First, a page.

Friday, April 06, 2007

An ending

Yesterday was my last real day at Dream Uni. I have an exam to go back for in 2 1/2 weeks, and an exam at Satellite Campus, as well. But yesterday was the last day of hanging about my office and the campus, of lunch at the organic, student-run not-for-profit caf, teas at Tim Hortons, crying students. (I've had about ten of those in the last two weeks.)

It was a week of very few boundaries. I'm not much about formality to begin with, as you've probably gathered, but I do usually try to dress the part, and usually project a fairly reserved - though still open to them - demeanor. But allowing myself to let down my guard helped me, I think, to cope with the loss that I am feeling, which is so huge I can barely confront it.

My Tuesday night seminar went out for dinner after the last class. We had a lovely time - almost everyone came. Fifteen of us around one long table. One made a toast to our class. A couple of students cried when they left. A number urged me to join Facebook so they could keep in touch with me that way, at the same time warning me against the time-suck it represents... (If only they knew how much of my time is sucked by blogs...) After everyone else had left, it was just I and the four students I am closest to. I wanted to stay all night in that warm, comfortable room with them. Funny, smart, sensitive them. Instead, one drove me home and I pretended nonchalance and then walked into the house and sobbed.

The next night was my last Theory class. I ended the class with a flurry of handing out graded papers and the exam questions. A strategic move, to distract me and them from the occasion. Then I went out for a drink with a few of them - a couple of the queer kids had asked me to go out dancing after class the week before, and I'd said no. But I asked them if they'd like to go for a drink this time to celebrate the end of the class and help me stave off my sadness.

They talked about the class - how much they'd learned from each other. How much they respect each other. Listening to this conversation, I thought, see, I am right about these folks. They are extraordinary. Recognizing each other's greatness the way they do. Critically reflecting on this experience. Transcending the narcissism that the university can suck you into.

Then yesterday, I spent the afternoon in a kind of Twilight Zone. A student had asked me to meet her for lunch at the student-run cafe - it was its last day of the year. I went and chatted with her. Another student of mine - my very favourite of the lot - was playing music there. I sat for 3 1/2 hours, as students wandered in and out, sitting down for a chat for a few minutes here or there. We had a random coversation about our favourite vegetables. And we talked about our discipline. It was the perfect balance of light and serious. What I love the very best. I had lost a lot of my lightness. My students have reminded me of slightly different ways to be, this year. So I just basked in that.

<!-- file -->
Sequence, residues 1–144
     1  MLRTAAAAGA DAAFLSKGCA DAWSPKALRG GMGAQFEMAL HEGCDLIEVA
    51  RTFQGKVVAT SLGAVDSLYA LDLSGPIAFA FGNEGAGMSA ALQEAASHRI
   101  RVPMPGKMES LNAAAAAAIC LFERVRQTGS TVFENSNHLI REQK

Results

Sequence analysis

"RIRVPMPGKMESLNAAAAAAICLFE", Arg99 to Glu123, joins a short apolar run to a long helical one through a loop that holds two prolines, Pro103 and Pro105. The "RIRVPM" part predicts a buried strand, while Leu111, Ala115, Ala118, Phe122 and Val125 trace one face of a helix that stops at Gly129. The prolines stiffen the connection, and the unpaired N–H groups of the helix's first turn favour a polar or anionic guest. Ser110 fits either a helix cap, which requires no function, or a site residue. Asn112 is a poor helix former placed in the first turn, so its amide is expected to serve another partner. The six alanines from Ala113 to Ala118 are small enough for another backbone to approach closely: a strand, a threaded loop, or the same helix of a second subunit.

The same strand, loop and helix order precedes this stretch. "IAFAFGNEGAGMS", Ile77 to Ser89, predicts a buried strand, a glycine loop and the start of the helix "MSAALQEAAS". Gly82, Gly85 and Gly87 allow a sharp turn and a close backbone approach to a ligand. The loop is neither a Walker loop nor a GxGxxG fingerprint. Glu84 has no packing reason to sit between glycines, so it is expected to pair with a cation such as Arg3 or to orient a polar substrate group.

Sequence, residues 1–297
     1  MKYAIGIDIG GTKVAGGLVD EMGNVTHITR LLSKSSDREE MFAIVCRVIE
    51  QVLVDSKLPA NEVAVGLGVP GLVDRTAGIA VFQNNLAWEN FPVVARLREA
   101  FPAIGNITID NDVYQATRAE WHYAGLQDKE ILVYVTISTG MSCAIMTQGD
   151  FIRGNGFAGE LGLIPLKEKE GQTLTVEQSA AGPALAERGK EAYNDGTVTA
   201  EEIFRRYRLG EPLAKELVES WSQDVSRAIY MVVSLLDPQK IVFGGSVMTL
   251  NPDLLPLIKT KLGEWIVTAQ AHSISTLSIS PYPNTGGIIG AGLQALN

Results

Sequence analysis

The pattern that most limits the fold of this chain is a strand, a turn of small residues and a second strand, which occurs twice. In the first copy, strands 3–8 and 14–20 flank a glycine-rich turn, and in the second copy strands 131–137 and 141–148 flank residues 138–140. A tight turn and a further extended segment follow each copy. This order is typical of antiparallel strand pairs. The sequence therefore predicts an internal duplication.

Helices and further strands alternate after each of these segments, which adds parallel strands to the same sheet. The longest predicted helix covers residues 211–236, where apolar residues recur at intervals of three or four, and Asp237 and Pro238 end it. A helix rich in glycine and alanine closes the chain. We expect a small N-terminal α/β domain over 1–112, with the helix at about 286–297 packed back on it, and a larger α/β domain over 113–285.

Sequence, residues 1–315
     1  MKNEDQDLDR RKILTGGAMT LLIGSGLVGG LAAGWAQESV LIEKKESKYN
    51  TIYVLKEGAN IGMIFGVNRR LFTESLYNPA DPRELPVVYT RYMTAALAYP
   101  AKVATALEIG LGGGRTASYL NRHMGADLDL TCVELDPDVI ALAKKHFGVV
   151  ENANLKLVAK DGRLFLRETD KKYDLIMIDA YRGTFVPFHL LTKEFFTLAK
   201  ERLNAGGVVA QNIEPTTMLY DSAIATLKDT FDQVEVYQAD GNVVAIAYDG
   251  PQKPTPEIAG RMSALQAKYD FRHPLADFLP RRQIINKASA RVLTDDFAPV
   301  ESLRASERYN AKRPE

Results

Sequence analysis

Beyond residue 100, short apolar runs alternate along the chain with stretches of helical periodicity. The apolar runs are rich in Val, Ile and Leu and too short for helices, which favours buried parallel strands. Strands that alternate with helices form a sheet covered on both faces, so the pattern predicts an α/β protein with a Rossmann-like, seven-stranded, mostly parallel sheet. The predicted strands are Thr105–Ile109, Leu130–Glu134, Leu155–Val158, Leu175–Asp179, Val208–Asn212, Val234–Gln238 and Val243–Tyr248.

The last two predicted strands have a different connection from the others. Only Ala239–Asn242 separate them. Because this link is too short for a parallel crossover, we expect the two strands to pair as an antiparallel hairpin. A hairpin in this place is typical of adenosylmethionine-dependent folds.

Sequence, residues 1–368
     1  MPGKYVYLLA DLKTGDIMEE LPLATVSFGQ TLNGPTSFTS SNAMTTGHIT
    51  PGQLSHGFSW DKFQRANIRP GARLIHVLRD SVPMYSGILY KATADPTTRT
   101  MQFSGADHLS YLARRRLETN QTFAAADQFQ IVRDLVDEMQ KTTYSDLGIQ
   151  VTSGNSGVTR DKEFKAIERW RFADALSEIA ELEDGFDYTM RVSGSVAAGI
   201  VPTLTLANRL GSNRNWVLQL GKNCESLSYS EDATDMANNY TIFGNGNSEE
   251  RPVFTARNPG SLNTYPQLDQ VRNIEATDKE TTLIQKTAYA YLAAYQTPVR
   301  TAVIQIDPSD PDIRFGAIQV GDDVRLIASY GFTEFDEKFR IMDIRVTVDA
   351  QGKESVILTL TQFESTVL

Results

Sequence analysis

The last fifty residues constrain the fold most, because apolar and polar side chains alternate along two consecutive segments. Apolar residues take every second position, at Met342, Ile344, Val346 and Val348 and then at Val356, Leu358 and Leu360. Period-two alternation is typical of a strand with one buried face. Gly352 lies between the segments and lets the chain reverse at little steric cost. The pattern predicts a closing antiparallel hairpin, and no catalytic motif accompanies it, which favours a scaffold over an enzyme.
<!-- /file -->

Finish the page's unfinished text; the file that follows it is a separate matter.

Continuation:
But now, it's really the end. I have papers to grade and emails to answer, and I'll see one group of them in the harsh light of an exam. But it's not the same. I realize now that it's over to what extent the year was characterized by its own particular temporality - probably at least in part a function of my insane schedule. That's what I notice most right now, as I confront the loss this represents. The way time will feel without it/them. And I guess that's easier - the generality of that sentiment - than imagining what it is like to not see some of these really precious people again.

Of course, I am going to see some of them again. I am seeing one on Sunday night in Home City, because she's written an absolutely stunning essay and I'm nominating it for a national prize, and need to work on small edits with her very soon, before the deadline passes. Another one has asked me to help edit an essay with her - she wants to submit it for a cool scholarship - so we've made a date to do that. And there are at least two others whom I will see because they will become my friends.

But it's not the same. Whew, that's sad.

5 comments:

squadratomagico said...

You are amazingly lucky to have taught, even for a short time, at a place where you learned so much from your students. It's what we all hope for, but few of us attain it. Cherish that even as you move on.

Earnest English said...

Your post caused me to get a little misty! (That must mean it's good writing, no?) And now I'm thinking that I won't miss my students anywhere near as much as you are when I leave. In fact, some of us have already started practicing ignoring each other, pretending as if we're not there. (Students from a couple years ago, not the recent ones, who do stop by and chat.)

The connections you've forged with these students and that you've encouraged them to have with each other will likely be remembered even after you've left for your new adventure -- this will be good for planning the move back when they open up a t-t position in your field. I wonder if there's a way to harness the energy of these relationships to prepare for that.

Meanwhile, be kind to yourself during this period of sadness. I'm thinking of you!

What Now? said...

It is indeed sad. But I'm so glad that you marked this transition in this way, that you had opportunities for grieving and for being really clear about what was good about your experiences with these students.

MaggieMay said...

Oh Hilaire, I know how hard this must be. But what you should remember is that your relationship with those students was so amazing not only because of THEM but because of YOU, and you will bring that gift for deep connection and meaningful learning with you wherever you go.

dbm/gaa said...

You've made me long for some of my wonderful students too! Oh how great it is when the stars align and students blossom into the amazing people they have the potential to be right before our eyes.